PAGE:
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I'd like to start off by saying that this is somewhat of a follow-up to a previous question I had asked back in June, 2016. I've continued to struggle with trying to find an agreement that resolves the issue I've been having. In this time, I've fulfilled all the requirements to continue through to arbitration and have been preparing to do so.

My question's focus pertains to the Customer Agreement clause, which explains how the arbitration reward is handled. Highlighted is the specific section:

(6) WE MAY, BUT ARE NOT OBLIGATED TO, MAKE A WRITTEN SETTLEMENT OFFER ANYTIME BEFORE ARBITRATION BEGINS. THE AMOUNT OR TERMS OF ANY SETTLEMENT OFFER MAY NOT BE DISCLOSED TO THE ARBITRATOR UNTIL AFTER THE ARBITRATOR ISSUES AN AWARD ON THE CLAIM. IF YOU DON'T ACCEPT THE OFFER AND THE ARBITRATOR AWARDS YOU AN AMOUNT OF MONEY THAT'S MORE THAN OUR OFFER BUT LESS THAN $5,000, OR IF WE DON'T MAKE YOU AN OFFER, AND THE ARBITRATOR AWARDS YOU ANY AMOUNT OF MONEY BUT LESS THAN $5,000, THEN WE AGREE TO PAY YOU $5,000 INSTEAD OF THE AMOUNT AWARDED. IN THAT CASE WE ALSO AGREE TO PAY ANY REASONABLE ATTORNEYS' FEES AND EXPENSES, REGARDLESS OF WHETHER THE LAW REQUIRES IT FOR YOUR CASE. IF THE ARBITRATOR AWARDS YOU MORE THAN $5,000, THEN WE WILL PAY YOU THAT AMOUNT.

To my understanding, this clause basically says if the arbitrator offers any amount of money more than what was formally offered by the business, I'll be rewarded a minimum of $5,000. The business has made a few offers, all of which are for account credits with them (and are certainly far too low to accept).

Their exact response when I had asked about how their settlement offer would be paid was as follows:

"This would be a direct financial adjustment to your [Phone Provider] account. You were properly advised that the promotional offers are not a cash value type of offer, but a direct financial adjustment to the account will save you the equivalent amount not having to pay your [Phone Provider] bill until the credit amount has been depleted."

Questions:

  • Since the account credit offers are worth no real cash value, would that mean that any real-money offer made by the arbitrator could/would cause me to win since money certainly gives the impression of actual currency?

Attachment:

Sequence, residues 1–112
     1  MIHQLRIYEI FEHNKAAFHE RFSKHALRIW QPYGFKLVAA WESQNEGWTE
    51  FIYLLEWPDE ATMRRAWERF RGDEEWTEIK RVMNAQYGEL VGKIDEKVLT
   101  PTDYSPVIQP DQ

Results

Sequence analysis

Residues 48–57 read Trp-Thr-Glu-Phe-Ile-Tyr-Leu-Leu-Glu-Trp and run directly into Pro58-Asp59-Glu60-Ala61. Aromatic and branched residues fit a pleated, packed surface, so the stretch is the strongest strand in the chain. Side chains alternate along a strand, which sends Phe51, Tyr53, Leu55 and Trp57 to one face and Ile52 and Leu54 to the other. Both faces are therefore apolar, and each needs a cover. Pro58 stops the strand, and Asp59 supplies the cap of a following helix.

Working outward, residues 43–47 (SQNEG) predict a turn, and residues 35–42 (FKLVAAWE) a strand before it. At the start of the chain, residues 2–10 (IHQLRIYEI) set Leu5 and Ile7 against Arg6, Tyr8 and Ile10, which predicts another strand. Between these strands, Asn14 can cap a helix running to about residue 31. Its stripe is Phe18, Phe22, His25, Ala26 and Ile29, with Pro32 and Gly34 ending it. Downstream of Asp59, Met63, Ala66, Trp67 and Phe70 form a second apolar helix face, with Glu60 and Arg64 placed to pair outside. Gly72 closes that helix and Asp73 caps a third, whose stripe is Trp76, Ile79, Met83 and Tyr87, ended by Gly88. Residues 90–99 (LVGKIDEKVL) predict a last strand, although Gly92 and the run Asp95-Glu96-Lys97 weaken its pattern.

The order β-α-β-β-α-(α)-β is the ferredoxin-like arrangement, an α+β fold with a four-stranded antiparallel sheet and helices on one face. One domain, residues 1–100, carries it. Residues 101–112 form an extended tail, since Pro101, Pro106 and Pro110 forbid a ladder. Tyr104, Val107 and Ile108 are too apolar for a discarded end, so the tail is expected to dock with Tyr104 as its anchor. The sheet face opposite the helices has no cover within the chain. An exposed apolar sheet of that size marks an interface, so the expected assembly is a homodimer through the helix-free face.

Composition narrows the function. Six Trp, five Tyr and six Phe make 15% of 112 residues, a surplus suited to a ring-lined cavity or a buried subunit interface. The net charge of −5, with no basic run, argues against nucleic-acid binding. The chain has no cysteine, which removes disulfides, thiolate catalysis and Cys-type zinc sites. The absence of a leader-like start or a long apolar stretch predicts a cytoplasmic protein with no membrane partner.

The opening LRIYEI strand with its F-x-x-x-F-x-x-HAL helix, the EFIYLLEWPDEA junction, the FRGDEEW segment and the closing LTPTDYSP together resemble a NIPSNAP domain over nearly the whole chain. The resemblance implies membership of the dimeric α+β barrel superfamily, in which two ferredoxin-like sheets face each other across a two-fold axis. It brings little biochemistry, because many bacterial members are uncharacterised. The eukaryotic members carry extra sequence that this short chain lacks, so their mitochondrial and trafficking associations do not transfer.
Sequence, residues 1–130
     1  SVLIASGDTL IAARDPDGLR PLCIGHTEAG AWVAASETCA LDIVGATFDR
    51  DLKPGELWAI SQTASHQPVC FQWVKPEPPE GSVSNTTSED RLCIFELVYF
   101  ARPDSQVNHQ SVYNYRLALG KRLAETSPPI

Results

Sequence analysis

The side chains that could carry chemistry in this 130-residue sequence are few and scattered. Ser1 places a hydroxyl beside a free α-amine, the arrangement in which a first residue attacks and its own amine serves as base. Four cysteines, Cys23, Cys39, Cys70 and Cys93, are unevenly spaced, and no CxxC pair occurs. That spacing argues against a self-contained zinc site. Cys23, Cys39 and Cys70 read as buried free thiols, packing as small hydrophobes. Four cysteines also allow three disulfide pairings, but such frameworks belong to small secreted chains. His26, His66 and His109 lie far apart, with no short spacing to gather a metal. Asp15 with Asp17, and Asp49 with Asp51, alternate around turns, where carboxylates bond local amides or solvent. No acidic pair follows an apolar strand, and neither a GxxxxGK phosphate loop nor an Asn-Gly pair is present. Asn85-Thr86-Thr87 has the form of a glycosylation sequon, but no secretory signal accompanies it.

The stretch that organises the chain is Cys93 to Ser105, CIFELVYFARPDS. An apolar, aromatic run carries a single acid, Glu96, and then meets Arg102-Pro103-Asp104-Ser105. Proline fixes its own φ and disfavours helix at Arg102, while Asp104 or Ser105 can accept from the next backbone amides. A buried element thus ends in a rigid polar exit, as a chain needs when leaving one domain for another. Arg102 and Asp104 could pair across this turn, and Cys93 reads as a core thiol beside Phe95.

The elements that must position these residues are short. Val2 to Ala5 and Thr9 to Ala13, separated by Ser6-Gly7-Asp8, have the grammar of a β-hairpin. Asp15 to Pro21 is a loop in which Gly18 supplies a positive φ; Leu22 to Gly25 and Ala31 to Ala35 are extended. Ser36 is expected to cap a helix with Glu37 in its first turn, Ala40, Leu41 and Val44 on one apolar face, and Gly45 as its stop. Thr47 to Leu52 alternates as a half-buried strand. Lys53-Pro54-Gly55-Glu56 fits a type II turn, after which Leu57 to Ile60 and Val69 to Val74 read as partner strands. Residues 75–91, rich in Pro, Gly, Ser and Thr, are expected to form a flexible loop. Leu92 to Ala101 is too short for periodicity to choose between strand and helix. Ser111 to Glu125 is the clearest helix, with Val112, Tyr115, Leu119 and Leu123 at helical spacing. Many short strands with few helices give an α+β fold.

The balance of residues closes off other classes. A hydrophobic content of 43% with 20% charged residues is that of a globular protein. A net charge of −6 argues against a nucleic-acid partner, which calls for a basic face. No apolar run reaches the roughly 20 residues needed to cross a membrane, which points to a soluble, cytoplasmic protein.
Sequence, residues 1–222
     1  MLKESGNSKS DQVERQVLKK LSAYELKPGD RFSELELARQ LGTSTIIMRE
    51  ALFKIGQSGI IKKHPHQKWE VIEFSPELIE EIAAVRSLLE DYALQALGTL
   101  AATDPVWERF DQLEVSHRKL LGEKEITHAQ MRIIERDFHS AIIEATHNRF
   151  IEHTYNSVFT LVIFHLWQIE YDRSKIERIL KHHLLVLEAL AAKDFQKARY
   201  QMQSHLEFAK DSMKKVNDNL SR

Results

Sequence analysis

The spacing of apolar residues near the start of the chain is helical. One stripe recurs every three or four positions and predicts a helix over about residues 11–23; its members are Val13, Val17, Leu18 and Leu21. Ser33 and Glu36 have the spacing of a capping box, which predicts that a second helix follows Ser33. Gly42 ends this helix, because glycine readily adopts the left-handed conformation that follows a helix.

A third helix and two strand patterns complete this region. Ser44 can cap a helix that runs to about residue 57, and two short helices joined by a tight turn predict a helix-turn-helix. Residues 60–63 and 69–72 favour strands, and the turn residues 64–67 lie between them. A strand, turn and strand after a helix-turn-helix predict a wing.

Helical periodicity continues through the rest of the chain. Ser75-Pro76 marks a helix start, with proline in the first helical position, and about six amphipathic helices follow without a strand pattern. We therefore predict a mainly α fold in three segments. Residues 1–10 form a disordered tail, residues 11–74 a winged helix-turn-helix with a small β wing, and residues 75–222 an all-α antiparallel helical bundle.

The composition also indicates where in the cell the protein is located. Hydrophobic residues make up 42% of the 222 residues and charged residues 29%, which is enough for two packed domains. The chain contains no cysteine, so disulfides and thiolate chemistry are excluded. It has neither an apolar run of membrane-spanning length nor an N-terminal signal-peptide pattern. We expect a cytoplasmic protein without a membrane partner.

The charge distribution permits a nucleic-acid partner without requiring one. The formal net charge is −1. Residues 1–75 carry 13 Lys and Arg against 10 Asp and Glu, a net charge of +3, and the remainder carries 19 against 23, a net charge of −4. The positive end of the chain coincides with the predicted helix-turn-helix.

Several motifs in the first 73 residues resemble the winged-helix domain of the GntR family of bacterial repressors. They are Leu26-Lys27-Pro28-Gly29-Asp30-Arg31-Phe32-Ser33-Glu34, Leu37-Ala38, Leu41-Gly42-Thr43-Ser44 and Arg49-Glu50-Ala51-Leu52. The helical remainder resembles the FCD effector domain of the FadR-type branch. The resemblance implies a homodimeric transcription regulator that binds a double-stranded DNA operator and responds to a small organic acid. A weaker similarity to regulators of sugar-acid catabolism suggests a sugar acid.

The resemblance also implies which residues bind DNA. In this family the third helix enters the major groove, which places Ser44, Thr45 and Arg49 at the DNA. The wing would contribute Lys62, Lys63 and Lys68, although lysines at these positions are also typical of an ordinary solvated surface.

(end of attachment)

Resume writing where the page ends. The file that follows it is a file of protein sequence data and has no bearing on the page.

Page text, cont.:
• Is there any particular reason why an arbitration clause would floor the reward to such a notable amount? Is this number passing a threshold to prevent other legal grounds from following?

Follow-up:

05/17/2017: I went through the arbitration process and was deemed an award of $900.00, along with $52.89 in interest. Both of these are going to be paid in US dollars. However, I'm still under the impression that being paid in US dollars is more "money" than the $1,300 in "non-cash value" credits they had offered prior. I sent them an email requesting they uphold the agreement, but I'm not sure if this is too much of a technicality.

05/30/2017: The business followed up with a statement of "The customer agreement does not address the delivery of the settlement offer, but the amount of it." I'm not sure if that statement is accurate since the clause denotes "money" as the medium, not a generic value. I'm just not sure if this is something that has enough foundation to fight for in another arbitration case or to potentially pursue in court.

03/09/2018: I opened a second arbitration case to contest that the business didn't conform to their customer agreement. My position was that $952.89 was worth more than $1,300 in account credits. I was found in favor and they were required to pay out the minimum value listed in the arbitration clause because account credits have no monetary value (the answer in this question helps explain why that result happened).

04/19/2018: I sent an intent-to-arbitrate letter again stating that I was looking to open a third case because they failed to pay the full amount of money in accordance with the arbitration clause below. The original approach was that they still failed to pay $5,000 each time I won a higher amount than they offered. I structured my claim that they were $5,000 short as I only received two payments, but both should have been raised to $5,000 individually. The other perspective was that they were technically only $952.89 short.

05/10/2018: We came to an agreement of a settlement amount. I am in the process of signing and finally being done with cycling arbitration claims over contract technicalities and oversights. Gathering about ten times the original claim amount was worth it, but it did take about two and a half years.